Vudu Lives (Outside the Box)
We like to think of ourselves as rational creatures. But if that’s true, why do we eat stuff we know isn’t good for us, fall for people who treat us badly and text while we drive?
And for heaven’s sake, why is the movie industry so determined not to make money? Hollywood executives seem determined not to sell what the world really wants: any movie, any time.
DVDs are “any movie,” but not “any time.” Movies from the Internet are “any time,” but not “any movie,” thanks to the industry’s self-defeating system of rights and availability windows. (You know: a movie plods first to hotel rooms, then pay-per-view, then airplanes, then DVD.)
Netflix offers a solution in two halves: recent movies by mail, old movies from the Internet.
But if you want recent movies on demand (legally), the best bet has been Vudu, a set-top box that connects to the Internet. You can watch any of its 16,000 movies and TV episodes instantly on your TV.
Vudu gets movies the same day they arrive on DVD. The quality is much better than on Netflix, pay-per-view or any other Internet service; you can get high definition — the high-end 1080p kind — and even surround sound. And there’s no monthly fee; you pay only when you watch a movie ($1 to $7, depending on the age and the quality level you choose). For busy people, that’s far more economical in the long run.
But there was one small problem with the Vudu box: nobody’d ever heard of it, nobody bought it and the future looked bleak.
Last month, Vudu revealed its new business plan, which boils down to this: It’s a feature, not a box.
Vudu no longer manufactures stand-alone boxes. Instead, the same service (actually, an improved one) comes built into TVs and Blu-ray players from other companies: LG and Mitsubishi right now; Samsung, Sanyo, Sharp, Toshiba and Vizio this summer. (Those later companies will also offer Vudu apps: a suite of 100 free Internet services like Pandora, Picasa, Flickr, The New York Times and The Associated Press.)
This approach is all the rage, of course. TV makers are happily building in Internet services like Netflix, Amazon, YouTube, Cinema Now and Vudu. And why not? It’s just software. Everybody wins: the TV maker gains features without adding new hardware; movie services gain millions more potential customers; and you get to ditch a couple of boxes and remotes.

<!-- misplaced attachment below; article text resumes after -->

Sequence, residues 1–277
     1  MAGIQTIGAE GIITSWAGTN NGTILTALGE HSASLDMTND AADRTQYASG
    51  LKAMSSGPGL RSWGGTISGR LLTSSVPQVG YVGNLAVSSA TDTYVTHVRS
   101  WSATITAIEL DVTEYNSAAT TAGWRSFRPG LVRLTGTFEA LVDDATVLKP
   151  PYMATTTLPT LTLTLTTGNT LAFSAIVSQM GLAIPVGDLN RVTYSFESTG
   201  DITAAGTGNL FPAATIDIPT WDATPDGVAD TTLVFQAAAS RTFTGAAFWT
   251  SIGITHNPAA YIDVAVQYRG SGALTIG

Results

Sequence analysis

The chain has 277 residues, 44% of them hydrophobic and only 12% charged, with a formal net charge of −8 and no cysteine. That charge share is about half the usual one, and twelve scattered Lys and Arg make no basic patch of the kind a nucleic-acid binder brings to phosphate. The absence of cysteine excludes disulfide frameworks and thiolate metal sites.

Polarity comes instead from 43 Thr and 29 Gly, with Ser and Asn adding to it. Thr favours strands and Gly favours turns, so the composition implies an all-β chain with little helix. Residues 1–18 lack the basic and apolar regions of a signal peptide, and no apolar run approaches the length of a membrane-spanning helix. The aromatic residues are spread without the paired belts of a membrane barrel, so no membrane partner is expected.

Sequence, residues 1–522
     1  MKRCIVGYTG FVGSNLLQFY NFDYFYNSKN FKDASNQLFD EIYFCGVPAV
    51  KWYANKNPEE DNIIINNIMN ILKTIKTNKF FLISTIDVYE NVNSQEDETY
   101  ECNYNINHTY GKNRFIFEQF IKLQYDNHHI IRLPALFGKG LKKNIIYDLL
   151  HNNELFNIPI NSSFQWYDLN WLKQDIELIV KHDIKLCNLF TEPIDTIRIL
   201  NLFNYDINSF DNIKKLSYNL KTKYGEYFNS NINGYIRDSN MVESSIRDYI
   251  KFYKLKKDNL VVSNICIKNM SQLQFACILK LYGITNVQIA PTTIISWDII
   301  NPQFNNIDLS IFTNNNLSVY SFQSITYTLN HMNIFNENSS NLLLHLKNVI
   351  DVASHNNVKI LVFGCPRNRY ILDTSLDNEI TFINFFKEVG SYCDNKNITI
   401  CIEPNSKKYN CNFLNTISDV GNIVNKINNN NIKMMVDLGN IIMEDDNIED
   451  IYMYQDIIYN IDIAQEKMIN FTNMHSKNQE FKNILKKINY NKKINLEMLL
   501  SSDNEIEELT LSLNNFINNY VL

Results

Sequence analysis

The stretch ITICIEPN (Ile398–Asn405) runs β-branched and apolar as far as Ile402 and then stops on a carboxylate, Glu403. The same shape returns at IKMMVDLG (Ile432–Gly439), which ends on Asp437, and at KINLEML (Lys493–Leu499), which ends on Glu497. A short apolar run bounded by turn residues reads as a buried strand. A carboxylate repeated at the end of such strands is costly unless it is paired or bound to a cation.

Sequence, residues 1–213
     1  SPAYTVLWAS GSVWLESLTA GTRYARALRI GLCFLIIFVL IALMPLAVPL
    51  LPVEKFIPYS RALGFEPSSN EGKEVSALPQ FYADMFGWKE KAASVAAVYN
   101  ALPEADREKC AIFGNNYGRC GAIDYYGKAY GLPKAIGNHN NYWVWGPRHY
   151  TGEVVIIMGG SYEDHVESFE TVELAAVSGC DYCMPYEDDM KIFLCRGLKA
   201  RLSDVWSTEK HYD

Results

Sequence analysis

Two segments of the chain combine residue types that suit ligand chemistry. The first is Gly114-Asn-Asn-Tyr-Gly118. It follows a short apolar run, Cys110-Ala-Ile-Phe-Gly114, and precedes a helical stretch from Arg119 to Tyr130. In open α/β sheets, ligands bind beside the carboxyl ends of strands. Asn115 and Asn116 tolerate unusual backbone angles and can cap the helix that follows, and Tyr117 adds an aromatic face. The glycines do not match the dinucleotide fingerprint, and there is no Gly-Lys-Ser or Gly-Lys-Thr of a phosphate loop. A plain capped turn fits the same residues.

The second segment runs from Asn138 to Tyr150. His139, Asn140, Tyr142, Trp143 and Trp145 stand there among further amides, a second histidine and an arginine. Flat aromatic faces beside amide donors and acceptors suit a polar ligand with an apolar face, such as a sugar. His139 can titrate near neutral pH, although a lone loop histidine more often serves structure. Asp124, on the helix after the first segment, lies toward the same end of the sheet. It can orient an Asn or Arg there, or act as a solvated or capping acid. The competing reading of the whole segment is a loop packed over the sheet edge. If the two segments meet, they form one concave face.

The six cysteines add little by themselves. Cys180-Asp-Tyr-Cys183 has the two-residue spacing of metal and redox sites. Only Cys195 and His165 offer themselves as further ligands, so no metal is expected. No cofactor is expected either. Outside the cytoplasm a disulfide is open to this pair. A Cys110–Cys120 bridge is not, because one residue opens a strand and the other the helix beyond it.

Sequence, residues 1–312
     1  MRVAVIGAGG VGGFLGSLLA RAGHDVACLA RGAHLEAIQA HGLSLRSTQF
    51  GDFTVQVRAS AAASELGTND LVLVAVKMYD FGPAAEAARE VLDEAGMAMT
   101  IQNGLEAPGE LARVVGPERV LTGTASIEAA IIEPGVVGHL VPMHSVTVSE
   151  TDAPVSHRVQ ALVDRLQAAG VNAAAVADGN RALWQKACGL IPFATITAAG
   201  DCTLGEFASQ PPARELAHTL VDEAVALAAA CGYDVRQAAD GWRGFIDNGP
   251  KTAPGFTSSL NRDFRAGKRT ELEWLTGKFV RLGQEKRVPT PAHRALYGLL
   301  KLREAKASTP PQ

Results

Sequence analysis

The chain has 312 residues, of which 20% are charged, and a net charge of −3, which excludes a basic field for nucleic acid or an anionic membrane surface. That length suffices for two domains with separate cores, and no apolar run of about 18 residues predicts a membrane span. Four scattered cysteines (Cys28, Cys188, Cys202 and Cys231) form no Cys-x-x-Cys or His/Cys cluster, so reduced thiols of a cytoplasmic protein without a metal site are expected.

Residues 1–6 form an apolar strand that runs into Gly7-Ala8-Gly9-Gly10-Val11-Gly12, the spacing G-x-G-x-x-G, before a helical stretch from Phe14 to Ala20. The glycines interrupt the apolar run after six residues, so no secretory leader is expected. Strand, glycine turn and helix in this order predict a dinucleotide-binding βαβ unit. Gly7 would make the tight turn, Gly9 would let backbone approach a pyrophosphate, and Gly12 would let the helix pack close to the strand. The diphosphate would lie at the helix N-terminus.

I tried out LG’s first Vudu-equipped Blu-ray player, the BD390. It’s been around since last May, but it picked up the Vudu service in a free software upgrade.
It’s a heckuva great player. Low, sleek, smoky-mirrored front panel. Built-in Wi-Fi, so you don’t have to trail ugly wires across your living room.
The remote isn’t illuminated, but it’s uncluttered. Unfortunately, you really miss the scroll wheel (like the one on a mouse) that was on the original Vudu remote — a brilliant touch on a gadget whose interface consists primarily of lists.
The BD390’s Blu-ray picture looks terrific. It could also be the model for built-in Internet services; in addition to Vudu, this one has Netflix, YouTube and CinemaNow. It can also play movies on a drive you connect to its U.S.B. jack (this means you, Divx cultists).
But sure enough, there’s Vudu, with the same clean, sharp software design the box used to have. You can sort movies by release date, genre and so on; you can search by movie name, actor or director, and watch previews and trailers.
Vudu boasts that its interface is not built into the BD390; instead, it’s rapidly downloaded each time you click the on-screen Vudu button. That way, it can constantly change, like a Web page.
And sure enough, Vudu has already used this trick to add new features. For example, when you’re considering a movie, you can read capsule critiques from every major reviewer (courtesy of RottenTomatoes.com). You can see more movies like this one, or even call up the movie’s Wikipedia page. (“Whip It,” we’re told, “grossed $13,043,363 in North America.”) This thing is a veritable Internet movie database.